A Tribute To: Roxy

Donate in Memory of Roxy
Roxy (TV Candycane Gal)
Loved by Tuke and Steven Walsh

Roxy is gone.  We thought, if any dog can beat this, it would be Roxy.  She contracted Osteosarcoma manifesting itself in a mass on her ribs just under a month ago.  At the time she was as spry as ever for any greyhound no less one approaching her 11th birthday.
At 4:18 PM yesterday, June 16th 2010, in the company of her auntie Autumn, all her doctors, nurses, and veterinary students that worked so hard to give Roxy a few more years, we gave the go ahead to send Roxy to the Rainbow Bridge to join our first greyhound Beau, and Autumn's recently departed Gracie who was a frequent guest at our home.

Roxy, or "TV CANDYCANE GAL,"  her racing name, was born on June 3rd, 1999, sister to two other greyhounds TV BETHS BEAUTY and TV ANDREW A.

Thus began her training for the next 20 months until, on February 1st 2001 she competed in the first of what would become a 250 race career (three times the normal number of races in a typical greyhound's racing career).  Starting at Grade D, the lowest, she quickly rose in the rankings to Grade AA in October of that year and remained there for the following 140 races.  She was retired on August 25th 2004 upon her 250th race at the age of 5, and then was returned to her kennel for breeding for the next three and a half years.  In all she had nine offspring and remained there as a favorite pet and matriarch of the kennel until she was released to Colorado Greyhound Adoption.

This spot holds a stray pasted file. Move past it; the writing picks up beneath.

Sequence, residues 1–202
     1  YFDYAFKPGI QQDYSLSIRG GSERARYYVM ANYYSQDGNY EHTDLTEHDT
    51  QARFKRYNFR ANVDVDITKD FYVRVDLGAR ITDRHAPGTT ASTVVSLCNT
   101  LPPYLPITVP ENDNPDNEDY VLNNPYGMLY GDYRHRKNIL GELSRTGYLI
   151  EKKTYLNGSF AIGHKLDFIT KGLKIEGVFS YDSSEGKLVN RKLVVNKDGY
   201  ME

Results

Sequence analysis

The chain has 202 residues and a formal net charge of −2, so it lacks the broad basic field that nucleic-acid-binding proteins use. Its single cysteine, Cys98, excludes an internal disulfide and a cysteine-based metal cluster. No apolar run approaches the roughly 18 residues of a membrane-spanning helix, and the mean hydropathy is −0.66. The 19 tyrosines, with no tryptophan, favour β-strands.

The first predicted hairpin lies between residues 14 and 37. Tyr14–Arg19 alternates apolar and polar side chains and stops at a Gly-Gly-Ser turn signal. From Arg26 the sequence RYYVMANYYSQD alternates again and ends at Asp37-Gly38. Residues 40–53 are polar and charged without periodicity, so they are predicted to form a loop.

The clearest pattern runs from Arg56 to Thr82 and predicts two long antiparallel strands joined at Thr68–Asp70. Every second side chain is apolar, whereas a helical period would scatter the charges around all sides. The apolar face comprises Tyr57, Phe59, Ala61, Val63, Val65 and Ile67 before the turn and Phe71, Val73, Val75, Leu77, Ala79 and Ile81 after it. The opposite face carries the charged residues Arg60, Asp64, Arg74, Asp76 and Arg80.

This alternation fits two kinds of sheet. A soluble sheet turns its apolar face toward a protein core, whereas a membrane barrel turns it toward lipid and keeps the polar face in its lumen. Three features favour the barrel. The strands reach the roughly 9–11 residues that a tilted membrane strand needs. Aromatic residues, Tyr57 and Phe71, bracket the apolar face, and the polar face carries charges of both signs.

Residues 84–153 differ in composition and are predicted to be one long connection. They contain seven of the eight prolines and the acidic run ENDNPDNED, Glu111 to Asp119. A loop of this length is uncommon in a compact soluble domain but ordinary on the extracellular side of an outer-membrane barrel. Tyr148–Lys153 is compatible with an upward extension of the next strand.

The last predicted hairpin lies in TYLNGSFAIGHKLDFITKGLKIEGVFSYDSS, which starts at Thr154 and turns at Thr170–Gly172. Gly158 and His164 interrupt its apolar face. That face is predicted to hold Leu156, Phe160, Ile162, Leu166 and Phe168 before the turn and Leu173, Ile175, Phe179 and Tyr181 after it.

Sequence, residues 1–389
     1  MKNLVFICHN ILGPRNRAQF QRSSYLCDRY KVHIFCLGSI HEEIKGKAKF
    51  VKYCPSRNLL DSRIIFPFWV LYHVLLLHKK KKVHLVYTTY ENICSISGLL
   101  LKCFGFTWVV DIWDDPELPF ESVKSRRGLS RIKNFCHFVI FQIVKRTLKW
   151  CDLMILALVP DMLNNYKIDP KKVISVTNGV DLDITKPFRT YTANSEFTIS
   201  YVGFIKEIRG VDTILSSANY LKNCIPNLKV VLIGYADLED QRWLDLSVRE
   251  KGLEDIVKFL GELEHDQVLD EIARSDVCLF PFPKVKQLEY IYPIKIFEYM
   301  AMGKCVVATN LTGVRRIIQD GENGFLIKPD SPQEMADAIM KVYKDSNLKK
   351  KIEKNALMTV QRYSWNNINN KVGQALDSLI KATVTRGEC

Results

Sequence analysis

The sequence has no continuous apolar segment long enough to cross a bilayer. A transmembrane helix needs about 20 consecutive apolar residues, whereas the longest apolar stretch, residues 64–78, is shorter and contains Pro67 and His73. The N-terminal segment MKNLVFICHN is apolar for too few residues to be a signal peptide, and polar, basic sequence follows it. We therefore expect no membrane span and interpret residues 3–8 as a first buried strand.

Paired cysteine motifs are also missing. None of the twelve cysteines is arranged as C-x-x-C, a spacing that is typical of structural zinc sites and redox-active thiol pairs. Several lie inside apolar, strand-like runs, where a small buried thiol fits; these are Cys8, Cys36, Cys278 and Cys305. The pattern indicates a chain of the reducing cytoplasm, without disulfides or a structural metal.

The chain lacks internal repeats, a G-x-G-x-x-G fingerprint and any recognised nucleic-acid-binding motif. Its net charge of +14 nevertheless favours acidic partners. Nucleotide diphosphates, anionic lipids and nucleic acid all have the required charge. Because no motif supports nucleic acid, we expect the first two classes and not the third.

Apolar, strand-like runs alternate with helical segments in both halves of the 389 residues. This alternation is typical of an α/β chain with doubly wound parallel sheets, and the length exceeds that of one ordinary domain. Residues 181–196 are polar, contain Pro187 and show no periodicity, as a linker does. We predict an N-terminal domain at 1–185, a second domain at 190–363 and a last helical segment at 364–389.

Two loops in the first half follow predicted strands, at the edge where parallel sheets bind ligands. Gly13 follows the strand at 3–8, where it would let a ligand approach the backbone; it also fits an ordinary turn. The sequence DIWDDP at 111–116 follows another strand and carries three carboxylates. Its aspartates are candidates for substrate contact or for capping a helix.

Beth Morgan did Candycane Gal's transport from the racing kennel to the vet, the dogs' first stop on their way to their foster homes to begin their retirement.  When she picked her up, the kennel owners told her she was a kennel favorite and she knew we had a special dog coming into our foster program.  She was a feisty girl from the minute she put on her new collar and leash, as she dragged her out to her car she thought there was a labrador retriever on the other end of the leash.   Roxy was then fostered by Janet Elverson, a nursing student at the time along with her husband and toddler son.

Roxy's indomitable spirit was apparent after we brought her home on February 23rd 2008, when she edged out Felix for our attentions, often backing under him to lift his hind legs off the ground to move him aside.  Talk of going out for a walk always had her pushing and shoving Felix out of the way even if it was just to take position two right behind me. As I would reach for her leash she would punch me in the back like a kangaroo.  I always loved that.  She just had to win -- that was what thousands of years of breeding had programmed her to do.  She loved to race around our "track" in the back yard, and my once lush lawn was reduced to a minefield of dirt patches where whole divots were wrested from the earth by her footfall.  Most nights, at about 3:00 AM, I would be awakened by the tippy-tappy of her always too-long toenails as she patiently paced on the hardwood floors.  After going out to pee we would snuggle for twenty minutes or so until she fell asleep again -- and again, I never minded the interruption and seized the opportunity to share those special moments with her.  Tuke also had her daily routines that made her life so much richer too such as morning kisses at her bedside.